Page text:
Physical dependence is completely distinct from (and does not imply) psychological addiction, defined as uncontrolled drug use despite harm. However, physical dependence can certainly aggravate psychological addiction when it occurs.

Withdrawal symptoms can be greatly lessened by slowly tapering the dose over days or weeks, sometimes after switching to a long-acting opioid such as methadone. The symptoms of opioid withdrawal can also be treated with other medications, such as clonidine for sympathetic hyperactivity and a benzodiazepine for anxiety and insomnia. "Rapid detox" is a relatively new technique that uses opioid antagonists to cause acute withdrawal while the patient is under general anesthesia to eliminate the otherwise extreme discomfort. This procedure has attracted considerable controversy due to its high cost and risk; several patients have died during the procedure. Many pain specialists consider the procedure unnecessary, and addiction specialists criticize it for doing nothing to keep an addict from relapsing into opioid abuse after the procedure is complete. Rapid detox also does not alleviate the protracted withdrawal syndrome that lasts for weeks or months after the acute phase.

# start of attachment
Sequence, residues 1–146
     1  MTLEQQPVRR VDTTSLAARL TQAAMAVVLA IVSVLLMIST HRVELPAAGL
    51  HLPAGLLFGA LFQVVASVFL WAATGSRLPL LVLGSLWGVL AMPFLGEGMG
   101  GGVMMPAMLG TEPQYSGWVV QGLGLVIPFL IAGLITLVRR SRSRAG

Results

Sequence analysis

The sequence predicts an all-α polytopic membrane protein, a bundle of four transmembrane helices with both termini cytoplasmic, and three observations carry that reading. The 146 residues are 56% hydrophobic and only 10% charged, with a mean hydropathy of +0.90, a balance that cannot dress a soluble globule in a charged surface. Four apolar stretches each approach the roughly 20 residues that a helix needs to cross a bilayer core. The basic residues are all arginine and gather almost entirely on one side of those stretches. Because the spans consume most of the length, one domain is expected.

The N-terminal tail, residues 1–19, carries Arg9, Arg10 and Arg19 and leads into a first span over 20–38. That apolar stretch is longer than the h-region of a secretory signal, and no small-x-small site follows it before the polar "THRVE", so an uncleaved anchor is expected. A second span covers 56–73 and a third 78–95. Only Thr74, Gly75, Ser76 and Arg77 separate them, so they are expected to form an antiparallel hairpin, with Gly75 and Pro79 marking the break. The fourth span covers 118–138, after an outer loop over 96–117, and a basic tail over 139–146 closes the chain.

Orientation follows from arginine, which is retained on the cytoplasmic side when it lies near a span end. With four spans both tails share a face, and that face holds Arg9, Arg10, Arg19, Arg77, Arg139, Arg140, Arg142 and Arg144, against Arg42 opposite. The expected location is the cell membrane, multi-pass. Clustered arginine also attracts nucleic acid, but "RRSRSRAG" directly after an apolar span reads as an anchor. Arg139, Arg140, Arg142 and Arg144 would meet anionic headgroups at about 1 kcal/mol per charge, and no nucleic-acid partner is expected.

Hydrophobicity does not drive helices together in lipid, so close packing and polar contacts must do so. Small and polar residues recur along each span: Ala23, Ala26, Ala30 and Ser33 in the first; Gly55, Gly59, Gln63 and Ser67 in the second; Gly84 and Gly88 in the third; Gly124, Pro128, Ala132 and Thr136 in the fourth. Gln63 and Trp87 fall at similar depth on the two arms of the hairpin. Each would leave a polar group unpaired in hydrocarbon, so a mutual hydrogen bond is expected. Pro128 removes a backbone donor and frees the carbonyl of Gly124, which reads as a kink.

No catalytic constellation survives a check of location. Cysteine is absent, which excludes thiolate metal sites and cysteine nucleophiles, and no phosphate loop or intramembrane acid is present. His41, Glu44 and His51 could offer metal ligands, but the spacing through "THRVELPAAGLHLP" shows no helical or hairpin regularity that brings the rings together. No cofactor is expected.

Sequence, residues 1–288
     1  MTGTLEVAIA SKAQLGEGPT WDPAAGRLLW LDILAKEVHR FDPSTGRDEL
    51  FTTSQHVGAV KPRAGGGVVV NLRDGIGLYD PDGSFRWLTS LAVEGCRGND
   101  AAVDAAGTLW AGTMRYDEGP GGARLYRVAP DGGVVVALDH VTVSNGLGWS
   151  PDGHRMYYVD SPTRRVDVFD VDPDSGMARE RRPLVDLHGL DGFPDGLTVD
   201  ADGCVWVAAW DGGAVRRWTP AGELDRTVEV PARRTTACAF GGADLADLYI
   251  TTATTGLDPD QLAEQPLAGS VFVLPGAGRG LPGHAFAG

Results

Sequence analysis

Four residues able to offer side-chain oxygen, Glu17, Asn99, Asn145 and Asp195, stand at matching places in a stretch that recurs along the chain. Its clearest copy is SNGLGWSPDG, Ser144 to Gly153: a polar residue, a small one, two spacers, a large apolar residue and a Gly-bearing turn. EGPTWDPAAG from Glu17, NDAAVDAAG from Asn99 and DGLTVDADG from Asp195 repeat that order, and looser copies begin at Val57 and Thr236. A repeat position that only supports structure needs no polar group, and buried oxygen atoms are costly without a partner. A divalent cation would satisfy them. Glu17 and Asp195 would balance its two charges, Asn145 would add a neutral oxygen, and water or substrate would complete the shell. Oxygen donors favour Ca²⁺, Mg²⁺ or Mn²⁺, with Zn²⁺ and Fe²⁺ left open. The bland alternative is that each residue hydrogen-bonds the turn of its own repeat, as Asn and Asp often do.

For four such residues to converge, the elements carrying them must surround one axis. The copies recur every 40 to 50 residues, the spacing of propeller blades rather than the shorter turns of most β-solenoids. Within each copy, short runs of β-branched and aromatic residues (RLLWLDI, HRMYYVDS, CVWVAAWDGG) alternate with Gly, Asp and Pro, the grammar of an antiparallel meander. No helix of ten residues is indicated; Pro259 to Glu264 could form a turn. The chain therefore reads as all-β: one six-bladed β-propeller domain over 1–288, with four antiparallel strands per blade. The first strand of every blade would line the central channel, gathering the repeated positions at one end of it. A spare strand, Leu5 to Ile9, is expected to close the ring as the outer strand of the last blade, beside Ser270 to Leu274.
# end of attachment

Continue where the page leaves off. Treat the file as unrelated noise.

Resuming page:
Although physical dependence is nearly universal among those who use opioids regularly, true addiction is actually quite rare even when large amounts of opioids are used over long periods of time to treat chronic pain under the close supervision of a doctor. This is thought to be due to the rapid development of tolerance to the euphorigenic properties of opioids; without euphoria, only the unpleasant side effects (such as bowel dysfunction) remain so there is no motivation to take more than is needed to manage pain.

While opioids have long been used without controversy to treat acute pain (such as during recovery from surgery) and the pain of terminal cancer, in recent years they have seen greatly increased use in the management of chronic, non-malignant pain (i.e., pain with causes other than cancer, and where the patient has a long life expectancy). While this trend is still somewhat controversial in some circles, the emerging medical consensus is that most chronic pain patients can safely use opioids for years with a minimal risk of addiction or physical toxicity and an overall increase in quality of life and ability to function.

Phenanthrenes naturally occurring in opium:

Semisynthetic derivatives:

Fully synthetic:

Phenylheptylamines:

Phenylpiperidines: diphenylpropylamine derivatives benzomorphan derivatives oripavine derivatives morphinan derivatives other opioids opioid antagonists (blockers)

Certain opioids, such as loperamide, cannot cross the blood-brain barrier. This makes them useful in the treatment of diarrhea, in that they exert their constipating effects on the gut without reaching the central nervous system.

See also